What happened

Shares of American Eagle Outfitters (NYSE:AEO) lost 14.7% on Wednesday after the clothing and accessories retailer announced disappointing first-quarter 2017 results.

So what

Quarterly revenue increased 1.7% year over year to $761.8 million, including 2% growth in consolidated comparable sales. That translated to adjusted net income of $28.7 million, or $0.16 per share, down from adjusted earnings of $0.22 per share in the same year-ago period. These results were mixed relative to expectations; analysts' consensus estimates predicted higher adjusted earnings of $0.17 per share on lower revenue of $741.7 million -- though investors should also keep in mind American Eagle bolstered its per-share earnings by repurchasing 6 million shares during the quarter for $22 million.

AEO Jeans storefront

Image source: American Eagle Outfitters.

American Eagle CEO Jay Schottenstein stated:

The first quarter results reflected mall traffic headwinds, especially early in the quarter, with improved trends over Easter and a strong digital business throughout. As we look ahead, we are taking the right steps to improve our results and adjust our business for today's rapidly evolving retail environment. We are creating efficiencies across our organization, as we aim to continue capitalizing on the strength of our brands, product leadership and other competitive advantages.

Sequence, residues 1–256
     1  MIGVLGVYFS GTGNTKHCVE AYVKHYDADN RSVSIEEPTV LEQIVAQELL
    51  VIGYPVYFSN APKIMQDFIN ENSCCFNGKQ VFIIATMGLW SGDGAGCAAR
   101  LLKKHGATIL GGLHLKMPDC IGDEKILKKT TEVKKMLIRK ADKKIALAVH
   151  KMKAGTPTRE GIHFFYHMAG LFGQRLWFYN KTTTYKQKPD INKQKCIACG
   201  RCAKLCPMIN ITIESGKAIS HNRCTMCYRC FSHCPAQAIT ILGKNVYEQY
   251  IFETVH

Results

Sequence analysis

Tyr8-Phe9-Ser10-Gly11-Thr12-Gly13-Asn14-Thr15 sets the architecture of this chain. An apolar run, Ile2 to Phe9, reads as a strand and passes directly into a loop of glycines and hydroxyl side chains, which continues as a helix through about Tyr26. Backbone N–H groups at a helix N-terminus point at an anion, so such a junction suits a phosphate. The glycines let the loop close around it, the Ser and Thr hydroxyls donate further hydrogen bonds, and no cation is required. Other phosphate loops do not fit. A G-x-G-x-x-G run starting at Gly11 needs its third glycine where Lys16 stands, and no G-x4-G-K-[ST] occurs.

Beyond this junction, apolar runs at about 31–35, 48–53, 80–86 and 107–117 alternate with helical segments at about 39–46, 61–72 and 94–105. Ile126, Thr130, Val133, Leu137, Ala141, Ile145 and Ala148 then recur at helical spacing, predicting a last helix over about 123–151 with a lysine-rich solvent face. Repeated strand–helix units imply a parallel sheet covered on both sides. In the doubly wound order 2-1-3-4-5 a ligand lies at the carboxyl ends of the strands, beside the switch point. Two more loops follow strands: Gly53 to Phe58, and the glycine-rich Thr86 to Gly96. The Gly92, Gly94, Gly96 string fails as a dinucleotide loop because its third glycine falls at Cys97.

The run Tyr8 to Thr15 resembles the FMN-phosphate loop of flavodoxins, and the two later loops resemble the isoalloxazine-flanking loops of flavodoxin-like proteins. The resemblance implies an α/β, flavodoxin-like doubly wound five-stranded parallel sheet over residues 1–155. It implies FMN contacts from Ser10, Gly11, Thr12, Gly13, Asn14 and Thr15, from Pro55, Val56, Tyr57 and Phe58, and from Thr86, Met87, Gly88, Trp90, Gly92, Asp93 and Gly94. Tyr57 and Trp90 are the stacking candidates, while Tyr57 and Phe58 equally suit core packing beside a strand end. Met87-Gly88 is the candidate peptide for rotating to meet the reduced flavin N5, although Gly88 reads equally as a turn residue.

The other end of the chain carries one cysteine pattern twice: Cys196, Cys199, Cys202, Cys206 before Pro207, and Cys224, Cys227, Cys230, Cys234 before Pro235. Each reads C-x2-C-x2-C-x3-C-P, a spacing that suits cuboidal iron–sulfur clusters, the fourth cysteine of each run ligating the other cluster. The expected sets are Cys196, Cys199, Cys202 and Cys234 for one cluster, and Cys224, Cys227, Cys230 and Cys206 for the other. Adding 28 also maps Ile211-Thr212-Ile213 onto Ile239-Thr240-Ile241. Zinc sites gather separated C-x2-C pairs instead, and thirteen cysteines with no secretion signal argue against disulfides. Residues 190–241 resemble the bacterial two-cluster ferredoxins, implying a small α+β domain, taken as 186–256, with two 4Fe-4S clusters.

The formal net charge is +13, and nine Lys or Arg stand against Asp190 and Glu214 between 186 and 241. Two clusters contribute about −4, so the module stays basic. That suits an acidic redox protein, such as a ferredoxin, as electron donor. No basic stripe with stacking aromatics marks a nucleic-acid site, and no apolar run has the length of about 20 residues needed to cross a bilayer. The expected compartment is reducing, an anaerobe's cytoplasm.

Now what

For the current quarter, American Eagle expects comparable-store sales in the range of flat to a low-single-digit percent decline from last year's second quarter. That should result in second-quarter adjusted earnings per share of $0.15 to $0.17 -- or significantly below the $0.23 per share investors were expecting.

American Eagle might well be making the right moves to successfully weather this tough retail environment, but given its mixed first-quarter results and disappointing earnings outlook, it's no surprise to see investors putting American Eagle shares back on the rack today.

This article represents the opinion of the writer, who may disagree with the “official” recommendation position of a Motley Fool premium advisory service. We’re motley! Questioning an investing thesis -- even one of our own -- helps us all think critically about investing and make decisions that help us become smarter, happier, and richer.